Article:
My Solo Shows
And now for something completely different!
In 2007 I decided to put together another solo show, but on a more serious vein. I'd been thinking about doing this one for a while, ever since I'd taken a look at my 'Baby's Diary' one evening. I realised then that it was rather special, as it told a real-life WW2 story, but with a difference. My mother, Pat had recently died and I wanted to do this as a tribute to her memory.
The diary is basically a scrapbook with photos, press clippings, letters and other mementoes added. Of much more interest however, is the personal letters that both my mother and father wrote for me over a period of years.
My father, a conscientious objector, writes about the war effort with his anger, sadness and frustration spilling out of the pages: "On all sides people congratulate us on our courage in producing you at this time, which is in itself a sign of the death that is in the heart and soul and mind of mankind just now... premature death is coming to millions for no good reason... under the blast of war the flames of hate and unreason are spreading; there is more lying, more deceit; there is less goodness in the heart of mankind, less opportunity and less urge to search after truth. In the face of all this you are born."
My mother, being more of an optimist, writes of happier things. Like me, she was also a model and worked at the film studios doing walk-ons and stand-ins. "I do an odd spot of film work occasionally. At 30 I'm still a glamour-girl and expect to start work soon on a film called 'Caravan' with the newest heart-throb Stewart Granger."
And then, there is my own growing up story. I was put to work as a model quite early. Aged one, my mother writes "You have started working for your living! Two publicity jobs in two weeks, meaning two guineas for Mummy. Daddy says he will be able to give up work soon and live on your earnings."
My parents were very much in love at the start of the diary, but sadly, my father leaves us to fend for ourselves during the London Blitz. We all survived however!
War Baby is performed as a dramatized reading with slides, audio, video, music accompanist and a little song too. I use to always read both my mother and father roles in the beginning. It was first presented at the Brighton Festival in a hotel and several more times in and around Brighton in pubs, cabaret venues and once in a church hall. I later took it to the Llangollen Festival in Wales. In 2014, I was asked to do it as part of the 'Shoreham Wordfest'. For the first time, I found a lovely actor, Marcus Hutton to read my father's role and that worked better than ever.
Each time I perform it, I realise that I could take it further... and I finally did in 2013 when it was done as a radio play on Resonance Radio, London. This time, my father was voiced by actor, Bruce Montague and I, as usual, voiced my mother. But I know there's much more can be done with it and I hope to turn it into a play one day.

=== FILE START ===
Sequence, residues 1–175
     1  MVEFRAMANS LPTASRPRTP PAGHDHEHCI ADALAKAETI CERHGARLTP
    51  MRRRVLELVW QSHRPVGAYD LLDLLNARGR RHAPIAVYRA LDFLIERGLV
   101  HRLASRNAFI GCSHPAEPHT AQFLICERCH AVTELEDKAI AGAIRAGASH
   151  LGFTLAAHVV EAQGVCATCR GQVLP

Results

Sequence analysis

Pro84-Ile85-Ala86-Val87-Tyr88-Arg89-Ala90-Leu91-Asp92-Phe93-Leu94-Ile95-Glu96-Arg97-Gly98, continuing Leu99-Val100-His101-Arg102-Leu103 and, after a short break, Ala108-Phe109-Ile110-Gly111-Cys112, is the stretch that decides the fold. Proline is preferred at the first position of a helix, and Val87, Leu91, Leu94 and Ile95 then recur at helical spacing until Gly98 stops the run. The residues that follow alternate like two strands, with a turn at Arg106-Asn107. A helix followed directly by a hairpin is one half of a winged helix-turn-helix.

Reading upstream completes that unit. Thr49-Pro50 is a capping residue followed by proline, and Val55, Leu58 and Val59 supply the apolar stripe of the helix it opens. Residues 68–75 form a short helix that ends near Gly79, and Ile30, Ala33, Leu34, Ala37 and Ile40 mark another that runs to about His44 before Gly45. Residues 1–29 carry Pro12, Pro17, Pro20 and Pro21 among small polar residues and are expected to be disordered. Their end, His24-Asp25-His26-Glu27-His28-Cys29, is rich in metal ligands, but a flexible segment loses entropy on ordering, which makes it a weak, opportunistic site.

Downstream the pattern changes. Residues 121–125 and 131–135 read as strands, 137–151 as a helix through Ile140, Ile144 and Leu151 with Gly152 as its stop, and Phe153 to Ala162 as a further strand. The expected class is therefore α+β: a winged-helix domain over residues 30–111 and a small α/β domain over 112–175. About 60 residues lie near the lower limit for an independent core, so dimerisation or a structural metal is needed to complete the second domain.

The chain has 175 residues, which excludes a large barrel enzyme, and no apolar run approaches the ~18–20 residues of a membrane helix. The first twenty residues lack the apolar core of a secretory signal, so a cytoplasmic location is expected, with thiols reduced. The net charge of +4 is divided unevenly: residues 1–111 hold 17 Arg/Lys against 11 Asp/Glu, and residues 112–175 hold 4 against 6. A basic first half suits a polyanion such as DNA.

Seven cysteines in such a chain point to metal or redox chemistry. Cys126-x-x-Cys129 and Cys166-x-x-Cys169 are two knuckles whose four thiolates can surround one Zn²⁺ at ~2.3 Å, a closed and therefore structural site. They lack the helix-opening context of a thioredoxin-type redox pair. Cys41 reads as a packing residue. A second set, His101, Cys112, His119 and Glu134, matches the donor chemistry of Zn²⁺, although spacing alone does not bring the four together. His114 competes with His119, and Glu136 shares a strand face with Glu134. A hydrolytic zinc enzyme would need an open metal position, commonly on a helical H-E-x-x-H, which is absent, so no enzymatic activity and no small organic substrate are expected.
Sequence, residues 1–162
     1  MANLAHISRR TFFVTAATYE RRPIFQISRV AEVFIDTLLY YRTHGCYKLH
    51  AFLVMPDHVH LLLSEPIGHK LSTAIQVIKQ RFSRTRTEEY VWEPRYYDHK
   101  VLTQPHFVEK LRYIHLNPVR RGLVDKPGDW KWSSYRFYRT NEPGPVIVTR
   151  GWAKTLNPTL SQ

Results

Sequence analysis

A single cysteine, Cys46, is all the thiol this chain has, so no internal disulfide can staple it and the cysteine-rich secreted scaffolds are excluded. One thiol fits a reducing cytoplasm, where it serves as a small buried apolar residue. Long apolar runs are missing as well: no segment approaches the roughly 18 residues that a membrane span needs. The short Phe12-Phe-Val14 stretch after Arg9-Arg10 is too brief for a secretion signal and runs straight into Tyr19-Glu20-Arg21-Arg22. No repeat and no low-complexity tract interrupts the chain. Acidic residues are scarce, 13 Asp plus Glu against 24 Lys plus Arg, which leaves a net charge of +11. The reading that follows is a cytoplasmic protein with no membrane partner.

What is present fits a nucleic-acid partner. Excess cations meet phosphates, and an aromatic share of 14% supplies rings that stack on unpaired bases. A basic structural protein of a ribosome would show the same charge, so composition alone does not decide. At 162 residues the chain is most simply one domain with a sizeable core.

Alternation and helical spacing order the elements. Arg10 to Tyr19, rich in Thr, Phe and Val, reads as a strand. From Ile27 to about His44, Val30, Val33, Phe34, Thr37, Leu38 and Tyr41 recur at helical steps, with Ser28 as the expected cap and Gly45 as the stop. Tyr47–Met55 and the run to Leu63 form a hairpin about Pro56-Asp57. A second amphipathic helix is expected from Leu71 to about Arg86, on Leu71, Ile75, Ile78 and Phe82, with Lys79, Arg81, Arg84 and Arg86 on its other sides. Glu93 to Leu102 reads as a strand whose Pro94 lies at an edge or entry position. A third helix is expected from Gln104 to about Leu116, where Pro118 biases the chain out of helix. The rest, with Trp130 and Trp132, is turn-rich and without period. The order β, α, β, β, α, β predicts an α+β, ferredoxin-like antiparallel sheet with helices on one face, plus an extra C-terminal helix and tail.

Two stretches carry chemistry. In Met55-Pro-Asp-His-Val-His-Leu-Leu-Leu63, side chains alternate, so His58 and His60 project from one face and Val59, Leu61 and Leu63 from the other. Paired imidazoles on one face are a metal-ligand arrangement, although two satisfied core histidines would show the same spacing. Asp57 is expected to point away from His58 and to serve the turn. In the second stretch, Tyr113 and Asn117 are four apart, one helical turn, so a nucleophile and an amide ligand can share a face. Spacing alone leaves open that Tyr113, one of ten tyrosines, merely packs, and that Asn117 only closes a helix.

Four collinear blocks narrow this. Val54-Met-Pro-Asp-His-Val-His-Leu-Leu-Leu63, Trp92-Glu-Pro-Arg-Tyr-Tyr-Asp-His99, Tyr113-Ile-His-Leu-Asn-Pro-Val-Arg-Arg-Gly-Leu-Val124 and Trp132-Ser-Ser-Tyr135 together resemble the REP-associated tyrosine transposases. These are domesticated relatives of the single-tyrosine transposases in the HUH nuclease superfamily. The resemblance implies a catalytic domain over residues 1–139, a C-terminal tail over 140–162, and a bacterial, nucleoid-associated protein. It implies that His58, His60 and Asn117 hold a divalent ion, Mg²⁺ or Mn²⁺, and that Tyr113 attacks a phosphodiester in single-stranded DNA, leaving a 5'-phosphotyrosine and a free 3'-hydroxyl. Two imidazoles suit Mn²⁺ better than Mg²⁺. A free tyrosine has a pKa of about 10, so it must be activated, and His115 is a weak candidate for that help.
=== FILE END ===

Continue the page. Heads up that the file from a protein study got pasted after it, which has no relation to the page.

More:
From ThreeWeeks Reviews - Theatre and Musicals
WAR BABY - Carol Cleveland in association with Icarus Theatre Collective
"The ways in which individual destinies merge with a country's larger history is charmingly explored by Carol Cleveland in this dramatised reading of her 'Baby's Diary'. Presented to her on her eighteenth birthday, the book contains touching letters by her parents, begun at her birth and covering roughly the duration of the Second World War. The lovingly chronicled personal observations contrast sharply with the harsh realities of the war raging outside of the family unit, and her father's pacifist mindset seems to have made its way into the show through slides which connect past horrors with current ones. Accompanied by musical interludes which provoke nostalgic nods of recognition from the audience, her story is one of some pretty special parents living in extraordinary times."
Belgrave Hotel, 18 - 19 May 2007
Review by J.N.
From Brighton Fringe Review website.
An informative and moving account of a family at war.
Review by Caron McNish 18 May
"In this dramatised reading of 'Baby's Diary', the audience is successfully taken back to a bygone era. Set during the second World War; Carol Cleveland is the War Baby telling the story of her parents through diary extracts written to her by them just before her birth and continuing until she reached the age of 5. After a slightly rushed introduction (which I put down to nerves) Carol's delivery was evocative of the time and I felt I really was hearing her mothers voice.
The characters of both her parents came across clearly in both the writing and the way they were portrayed, especially when her father - a conscientious objector who spent time in prison for his convictions - appears on film, talking about the futility of war. At one point, Carol read an extract from her mother that was extremely moving and quite unexpected which clearly stirred up feelings in the audience.
For most of the performance, Carol was sat in a chair with a standard lamp. While this worked, I would like to have seen the lights in the room turned off. The lamplight itself would have created a more dramatic and inimate atmosphere. The use of a projector and slides, I believe, could have been used to greater effect and a live musician playing keyboards, although well played, occasionally distracted from the flow of the piece. Despite the above shortcomings, it was an engaging and moving evening, that deserved a larger audience."